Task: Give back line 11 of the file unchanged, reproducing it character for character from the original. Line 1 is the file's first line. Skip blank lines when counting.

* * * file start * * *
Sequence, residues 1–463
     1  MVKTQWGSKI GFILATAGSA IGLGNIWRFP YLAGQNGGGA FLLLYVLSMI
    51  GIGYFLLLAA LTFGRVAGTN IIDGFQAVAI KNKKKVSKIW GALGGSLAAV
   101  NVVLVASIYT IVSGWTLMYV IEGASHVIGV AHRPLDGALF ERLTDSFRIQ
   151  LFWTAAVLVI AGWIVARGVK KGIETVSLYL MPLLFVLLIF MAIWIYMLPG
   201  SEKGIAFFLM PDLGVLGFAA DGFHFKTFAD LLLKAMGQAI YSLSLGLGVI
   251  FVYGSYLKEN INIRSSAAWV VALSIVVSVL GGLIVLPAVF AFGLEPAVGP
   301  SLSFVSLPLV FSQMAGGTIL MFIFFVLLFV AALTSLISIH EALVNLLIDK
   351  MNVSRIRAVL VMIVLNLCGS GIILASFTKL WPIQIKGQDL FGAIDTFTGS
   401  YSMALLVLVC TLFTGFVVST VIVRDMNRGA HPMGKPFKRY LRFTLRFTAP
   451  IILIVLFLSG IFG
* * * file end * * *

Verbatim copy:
   451  IILIVLFLSG IFG